Thursday, 20 February 2014

DEPM's Professor Henry Krum profiled in The Lancet

Professor Henry Krum, head of the DEPM’s Clinical Pharmacology Unit and Director of Monash Centre of Cardiovascular Research and Education in Therapeutics has been featured by Geoff Watts, Science Journalist, in the latest issue of The Lancet.

Watts says that “If there’s one man who can be said to have put Australia on the map with respect to clinical trials in cardiovascular disease, particularly in heart failure, it’s Henry Krum…”.

Glasgow University Professor of Cardiology John McMurray said of Professor Krum, “An unusual strength is the breadth and depth of his knowledge and research spanning cardiovascular disease, diabetes, and chronic kidney disease among others.”

Professor Krum’s final 3 year data from the landmark Symplicity HTN-1 study was recently published in the Lancet. Symplicity HTN-1 was the first proof of principle demonstration of the beneficial blood pressure-lowering effect of a new technique called percutaneous renal sympathetic denervation, a minimally invasive approach to damage the nerves that surround the main artery to the kidneys which provide signals to the kidneys (and brain) to drive blood pressure up.

Talking of the history of sympathectomy Prof Krum pointed out that this isn’t a particularly new idea: “Surgically it goes back to the era before there were any of the modern pharmacological agents. It was highly effective at lowering blood pressure, but it had a lot of side-effects such as postural hypotension” he told Watts.

1 comment:

  1. Kathleen Whelan OAM17 December 2015 at 14:44

    We had the pleasure of knowing Henry for ten years - prior to his illness - whilst Peter was a DCM patient of Henry's at the Alfred Hospital Heart Centre in Melbourne, Australia.
    During those years we always found Henry to be a most caring physician, and such a humble expert in his field.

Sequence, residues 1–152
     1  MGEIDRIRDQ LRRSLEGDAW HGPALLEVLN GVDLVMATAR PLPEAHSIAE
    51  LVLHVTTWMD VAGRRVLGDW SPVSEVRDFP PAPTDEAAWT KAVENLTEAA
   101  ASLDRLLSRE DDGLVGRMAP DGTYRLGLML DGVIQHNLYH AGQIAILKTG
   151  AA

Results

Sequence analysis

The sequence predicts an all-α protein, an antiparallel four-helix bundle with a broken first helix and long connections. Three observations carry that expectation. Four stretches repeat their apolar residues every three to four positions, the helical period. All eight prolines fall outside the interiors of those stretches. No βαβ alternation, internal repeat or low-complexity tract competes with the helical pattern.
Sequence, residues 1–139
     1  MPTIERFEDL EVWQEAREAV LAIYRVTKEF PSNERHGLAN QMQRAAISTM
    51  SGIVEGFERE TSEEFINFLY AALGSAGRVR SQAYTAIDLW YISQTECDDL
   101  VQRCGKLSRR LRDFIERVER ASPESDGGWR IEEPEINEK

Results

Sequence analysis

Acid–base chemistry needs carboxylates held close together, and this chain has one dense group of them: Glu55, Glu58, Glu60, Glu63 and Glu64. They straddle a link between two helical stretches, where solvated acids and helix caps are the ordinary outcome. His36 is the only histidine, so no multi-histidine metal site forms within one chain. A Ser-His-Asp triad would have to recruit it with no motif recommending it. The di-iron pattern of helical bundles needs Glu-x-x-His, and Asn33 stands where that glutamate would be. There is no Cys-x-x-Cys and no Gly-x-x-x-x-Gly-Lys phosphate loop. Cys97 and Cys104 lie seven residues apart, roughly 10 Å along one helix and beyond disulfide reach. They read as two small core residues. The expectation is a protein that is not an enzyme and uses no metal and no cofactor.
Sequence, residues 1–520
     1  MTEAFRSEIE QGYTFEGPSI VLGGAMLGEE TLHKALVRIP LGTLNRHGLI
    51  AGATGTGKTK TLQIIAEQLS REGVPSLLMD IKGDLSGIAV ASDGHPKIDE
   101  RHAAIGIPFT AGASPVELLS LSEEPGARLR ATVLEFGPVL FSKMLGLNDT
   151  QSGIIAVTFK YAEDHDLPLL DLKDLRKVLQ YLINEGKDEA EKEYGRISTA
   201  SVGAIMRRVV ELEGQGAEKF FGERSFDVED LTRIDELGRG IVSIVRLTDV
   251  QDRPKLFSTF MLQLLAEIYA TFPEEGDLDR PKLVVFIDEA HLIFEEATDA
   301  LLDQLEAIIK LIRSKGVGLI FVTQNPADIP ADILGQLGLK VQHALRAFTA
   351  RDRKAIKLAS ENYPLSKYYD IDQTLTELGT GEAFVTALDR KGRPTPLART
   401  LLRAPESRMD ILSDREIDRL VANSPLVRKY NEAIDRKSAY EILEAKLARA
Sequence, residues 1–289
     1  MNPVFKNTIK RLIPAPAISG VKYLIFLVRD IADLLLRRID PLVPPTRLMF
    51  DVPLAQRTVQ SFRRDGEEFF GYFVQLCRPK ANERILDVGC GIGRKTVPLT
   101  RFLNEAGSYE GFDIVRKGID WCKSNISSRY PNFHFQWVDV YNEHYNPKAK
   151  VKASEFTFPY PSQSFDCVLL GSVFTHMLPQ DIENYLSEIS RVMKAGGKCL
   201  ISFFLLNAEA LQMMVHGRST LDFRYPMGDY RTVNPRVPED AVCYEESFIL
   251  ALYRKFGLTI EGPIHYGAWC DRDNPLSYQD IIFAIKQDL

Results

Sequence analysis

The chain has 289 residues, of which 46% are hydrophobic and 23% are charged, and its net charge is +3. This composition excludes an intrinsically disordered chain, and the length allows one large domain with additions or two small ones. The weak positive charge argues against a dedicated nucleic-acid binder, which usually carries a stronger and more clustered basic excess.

When first diagnosed Peter's EF was 26%, and with Henry's care and prescribed Peter's DCM condition improved greatly, however, with the addition of herbal & vitamin/mineral supplements, especially selenium, Peter was able to bring his EF up to 58%, with the resulting BNP readings of 6.3, and 10.8, absolutely astounding Henry to the poiny that he said : "Peter, you technically no longer have DCM, but as you have an 83 year old heart, keep taking my medicine, but also keep doing what you are doing!"
    A Research Scientist at the Baker IDI in Melbourne was researching oxidative stress, and was undertaking trials with selenium on lab rats. We told her of Peter's experience, as CM is called "white muscle disease" in cattle and sheep, and is treated by farmers with the addition of selenium!
    Henry was also most generous with his time, and when Peter and I were on the Executive of the Cardiomyopathy Association of Australia, he was able to arrange a "free display site" for our Association at the World Cardiomyopathy Symposium being held in Melbourne that year, in the mid-late 2000s.
    As such a caring physician, and such an expert in his field, we will miss him greatly, and extend our sincere sympathy to his family, and all his colleagues around the world.
    May His Dear Soul Rest in Peace.
    Peter Lee & Kathy Whelan, South Gippsland, Australia

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